Anxiety says worrying is necessary in order to keep track of all of the potential dangers and problems and catastrophes just lurking around the corner.
Boundaries are an important part of life. They help us see where we end and others begin. They define and protect us. They let good things in and keep trouble away. In a way, they are like a fence around someone’s house or property. Sound pretty good, don’t they? Think about every person you care about. Do you want them to have boundaries?
Are you worried you’ve wanted multiple times to stop but just can’t seem to find the right time or reason? What is that thing or behavior?
Sometimes people will take their feelings of dread and impending disaster and concentrate it into a single area of concern. OCD is anxiety distilled, a potent onslaught of negative thoughts coupled with crippling ritual, disrupting a person’s ability to function.
To help you identify your patterns of worry and what activities or thoughts they are most associated with, you need to answer the following questions. Take your time to answer these questions and rally think about your answers.
To take charge of your life, you need to know what life is really about. You need to live your life in reality, looking for and acknowledging what is real and truthful, even if it hurts or is uncomfortable or triggers an anxiety.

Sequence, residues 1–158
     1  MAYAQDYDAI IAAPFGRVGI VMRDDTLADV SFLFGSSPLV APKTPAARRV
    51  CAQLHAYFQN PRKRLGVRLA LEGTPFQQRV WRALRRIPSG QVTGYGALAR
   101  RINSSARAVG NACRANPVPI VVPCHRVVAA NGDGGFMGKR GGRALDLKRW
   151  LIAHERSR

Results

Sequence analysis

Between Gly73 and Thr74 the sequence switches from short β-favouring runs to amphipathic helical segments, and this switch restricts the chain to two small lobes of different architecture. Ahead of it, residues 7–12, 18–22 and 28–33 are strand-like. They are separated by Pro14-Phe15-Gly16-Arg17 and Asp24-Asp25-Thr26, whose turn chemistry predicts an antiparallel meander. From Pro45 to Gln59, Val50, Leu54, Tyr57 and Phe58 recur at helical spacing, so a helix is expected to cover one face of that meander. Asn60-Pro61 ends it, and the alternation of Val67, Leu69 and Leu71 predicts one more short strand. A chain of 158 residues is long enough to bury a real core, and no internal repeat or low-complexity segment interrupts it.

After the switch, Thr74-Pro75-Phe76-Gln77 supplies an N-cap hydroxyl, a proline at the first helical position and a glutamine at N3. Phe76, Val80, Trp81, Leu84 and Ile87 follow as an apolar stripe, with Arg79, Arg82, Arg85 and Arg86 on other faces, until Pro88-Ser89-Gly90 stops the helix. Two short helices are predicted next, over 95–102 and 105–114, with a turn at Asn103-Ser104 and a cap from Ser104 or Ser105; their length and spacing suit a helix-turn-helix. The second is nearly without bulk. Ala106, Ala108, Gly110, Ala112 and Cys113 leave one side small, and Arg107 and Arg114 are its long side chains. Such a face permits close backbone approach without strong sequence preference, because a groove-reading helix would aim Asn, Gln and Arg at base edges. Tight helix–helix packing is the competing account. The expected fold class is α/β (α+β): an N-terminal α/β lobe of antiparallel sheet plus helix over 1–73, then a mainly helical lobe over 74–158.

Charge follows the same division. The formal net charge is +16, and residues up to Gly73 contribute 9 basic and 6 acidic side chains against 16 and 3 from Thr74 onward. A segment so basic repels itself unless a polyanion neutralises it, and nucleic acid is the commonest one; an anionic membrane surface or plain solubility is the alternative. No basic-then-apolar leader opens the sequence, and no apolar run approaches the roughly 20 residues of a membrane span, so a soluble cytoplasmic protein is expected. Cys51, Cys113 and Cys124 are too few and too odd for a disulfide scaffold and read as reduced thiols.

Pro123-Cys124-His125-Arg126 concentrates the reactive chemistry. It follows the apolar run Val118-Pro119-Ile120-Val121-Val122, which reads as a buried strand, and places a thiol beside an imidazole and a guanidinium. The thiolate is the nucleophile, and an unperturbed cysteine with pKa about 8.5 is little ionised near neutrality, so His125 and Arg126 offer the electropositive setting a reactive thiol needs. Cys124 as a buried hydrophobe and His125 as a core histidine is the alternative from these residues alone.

I believe a negative pattern of worry is established in childhood, based upon life circumstances, experiences, and perceptions. So, in order to find a way out, you need to be able to backtrack along your way in, to where worry started in the first place.
To learn to relax, you need to take back charge of your own life. That’s the only way you’ll be able to create a place in your life for relaxation. You need to be in charge in order to assign relaxation its proper value and priority in your life. You need to start saying no to fear and yes to relaxation.
You may be over forty, but most of us have one stubborn little kid rattling around inside. This “kid” represents some unfilled childhood need. And until we either fill or let go of that need, there he or she stays—never aging, always demanding. Kids like to eat junk food. They’re not mature enough to realize …